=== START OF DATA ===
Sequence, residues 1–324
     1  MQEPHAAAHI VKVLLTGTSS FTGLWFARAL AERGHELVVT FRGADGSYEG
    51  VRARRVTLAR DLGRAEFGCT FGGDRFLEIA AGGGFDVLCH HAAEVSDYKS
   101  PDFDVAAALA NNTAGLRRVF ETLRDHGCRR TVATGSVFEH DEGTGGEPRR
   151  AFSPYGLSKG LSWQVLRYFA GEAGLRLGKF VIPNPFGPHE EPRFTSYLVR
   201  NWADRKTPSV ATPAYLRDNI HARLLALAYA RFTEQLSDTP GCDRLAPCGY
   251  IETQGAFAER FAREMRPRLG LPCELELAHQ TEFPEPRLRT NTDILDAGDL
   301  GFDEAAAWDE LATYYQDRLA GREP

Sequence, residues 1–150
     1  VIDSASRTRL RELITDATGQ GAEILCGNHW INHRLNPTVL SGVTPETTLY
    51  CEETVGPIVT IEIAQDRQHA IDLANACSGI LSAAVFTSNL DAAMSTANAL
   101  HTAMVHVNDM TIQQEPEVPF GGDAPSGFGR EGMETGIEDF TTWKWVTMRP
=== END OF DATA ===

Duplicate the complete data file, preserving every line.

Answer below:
Sequence, residues 1–324
     1  MQEPHAAAHI VKVLLTGTSS FTGLWFARAL AERGHELVVT FRGADGSYEG
    51  VRARRVTLAR DLGRAEFGCT FGGDRFLEIA AGGGFDVLCH HAAEVSDYKS
   101  PDFDVAAALA NNTAGLRRVF ETLRDHGCRR TVATGSVFEH DEGTGGEPRR
   151  AFSPYGLSKG LSWQVLRYFA GEAGLRLGKF VIPNPFGPHE EPRFTSYLVR
   201  NWADRKTPSV ATPAYLRDNI HARLLALAYA RFTEQLSDTP GCDRLAPCGY
   251  IETQGAFAER FAREMRPRLG LPCELELAHQ TEFPEPRLRT NTDILDAGDL
   301  GFDEAAAWDE LATYYQDRLA GREP

Sequence, residues 1–150
     1  VIDSASRTRL RELITDATGQ GAEILCGNHW INHRLNPTVL SGVTPETTLY
    51  CEETVGPIVT IEIAQDRQHA IDLANACSGI LSAAVFTSNL DAAMSTANAL
   101  HTAMVHVNDM TIQQEPEVPF GGDAPSGFGR EGMETGIEDF TTWKWVTMRP